Hearing your Edits
All writers I know love music. Certain rhythms and sounds speak to each of us. When we write, we are appealing to those senses in our readers. For our writing to be strong and compelling, we must pay attention to these rhythms, making sure our writing carries our readers in the direction they need to go at the right time.
The best way, in fact the only way, I know to do this is reading my writing out loud. This is a multi-phased and multi-benefit editing process.
I follow these steps:
- Print out the piece for editing. (I like to set my margins wide for this process.)
- Sit out one colored pencil. Clear your work space of all distractions. Turn your phone ringer off.
- Prepare voice recorder. (You can search free voice recorder apps on your phone or computer. I use a separate voice recorder with digital time stamps.)
- Read the piece into the recorder. (Note: The colored pencil allows me to make a slash mark wherever something doesn’t sound right. I only pause to make this mark; I do not stop reading.)
- Play the recording, reading along with my marked piece. Mark anything that does not sound right, but still do not make any edits.
- Play the recording again, reading along. This time I stop and make editing marks and remarks as I go. (The wide margins I created in my printed document give me plenty of room.)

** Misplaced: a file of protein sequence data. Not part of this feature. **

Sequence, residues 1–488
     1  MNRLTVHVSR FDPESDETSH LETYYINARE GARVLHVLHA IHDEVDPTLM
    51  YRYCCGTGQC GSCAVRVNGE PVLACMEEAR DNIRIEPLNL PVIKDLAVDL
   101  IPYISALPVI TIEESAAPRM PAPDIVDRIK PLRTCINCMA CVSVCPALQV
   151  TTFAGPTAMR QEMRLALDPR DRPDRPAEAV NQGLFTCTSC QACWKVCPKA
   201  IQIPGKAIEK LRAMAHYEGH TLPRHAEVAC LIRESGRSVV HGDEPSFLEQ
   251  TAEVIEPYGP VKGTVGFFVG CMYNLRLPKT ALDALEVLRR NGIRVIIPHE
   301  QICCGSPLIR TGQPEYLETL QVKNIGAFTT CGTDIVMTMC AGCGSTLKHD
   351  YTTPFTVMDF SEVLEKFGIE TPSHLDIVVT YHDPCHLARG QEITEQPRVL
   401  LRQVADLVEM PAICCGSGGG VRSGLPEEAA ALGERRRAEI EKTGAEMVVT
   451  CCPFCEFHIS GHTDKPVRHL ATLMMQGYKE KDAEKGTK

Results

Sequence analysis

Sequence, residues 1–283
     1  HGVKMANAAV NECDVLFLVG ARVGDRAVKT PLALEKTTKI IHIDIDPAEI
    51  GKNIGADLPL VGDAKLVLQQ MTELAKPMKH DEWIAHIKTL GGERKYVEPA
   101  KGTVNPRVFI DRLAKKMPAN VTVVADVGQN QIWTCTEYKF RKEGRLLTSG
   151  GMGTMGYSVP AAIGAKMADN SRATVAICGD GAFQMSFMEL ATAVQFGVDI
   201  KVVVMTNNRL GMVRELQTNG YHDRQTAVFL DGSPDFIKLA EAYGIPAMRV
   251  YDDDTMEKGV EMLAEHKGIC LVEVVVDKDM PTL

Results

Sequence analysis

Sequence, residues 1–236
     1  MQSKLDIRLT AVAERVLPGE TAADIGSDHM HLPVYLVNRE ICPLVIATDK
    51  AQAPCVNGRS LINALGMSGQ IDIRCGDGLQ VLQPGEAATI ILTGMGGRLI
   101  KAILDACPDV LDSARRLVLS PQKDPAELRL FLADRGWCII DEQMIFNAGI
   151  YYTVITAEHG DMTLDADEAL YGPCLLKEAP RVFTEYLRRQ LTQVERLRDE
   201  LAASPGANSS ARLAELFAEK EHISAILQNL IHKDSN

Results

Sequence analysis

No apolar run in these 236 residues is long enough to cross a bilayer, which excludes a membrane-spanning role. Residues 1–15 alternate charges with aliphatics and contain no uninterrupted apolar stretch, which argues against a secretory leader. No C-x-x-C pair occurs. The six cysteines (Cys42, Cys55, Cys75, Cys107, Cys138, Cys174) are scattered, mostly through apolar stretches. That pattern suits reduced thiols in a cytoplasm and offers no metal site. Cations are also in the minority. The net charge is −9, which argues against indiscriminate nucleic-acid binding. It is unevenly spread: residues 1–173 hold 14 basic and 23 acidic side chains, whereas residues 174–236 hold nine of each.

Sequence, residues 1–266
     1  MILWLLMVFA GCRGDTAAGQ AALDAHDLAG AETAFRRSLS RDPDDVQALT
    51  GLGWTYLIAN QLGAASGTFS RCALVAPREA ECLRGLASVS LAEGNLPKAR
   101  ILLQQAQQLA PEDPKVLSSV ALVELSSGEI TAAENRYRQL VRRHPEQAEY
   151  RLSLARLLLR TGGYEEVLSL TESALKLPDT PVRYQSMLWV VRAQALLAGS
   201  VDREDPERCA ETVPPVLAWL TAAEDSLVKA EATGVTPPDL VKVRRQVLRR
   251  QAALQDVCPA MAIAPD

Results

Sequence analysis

- Make the edits. Print the edited piece.
- Start the process over.
- This may not happen for a day or two.
- I use two different colors: one for the slashes, the other for the edits (as shown).
This process sounds daunting, but I find it essential. The benefits include:
- hearing the rhythm of the piece (paragraph, essay, chapter, etc.)
- identifying redundancy
- eliminating filler
- finding glitches and hiccups in flow
- identifying portions that need moved
- making the writing, and thus the reading, clear and concise.
Try the steps above with a short piece of your writing. Don’t get bogged down in the thought of reading aloud; no one will likely be around to hear you. Think about what surprised you and what you learned from this process the first time through. How will this help you be a better writer?
Did this process work for you? If not, how would you or have you tweaked that process for your own writing? I would enjoy hearing about your process! Please leave a comment.
Happy writing… ~T
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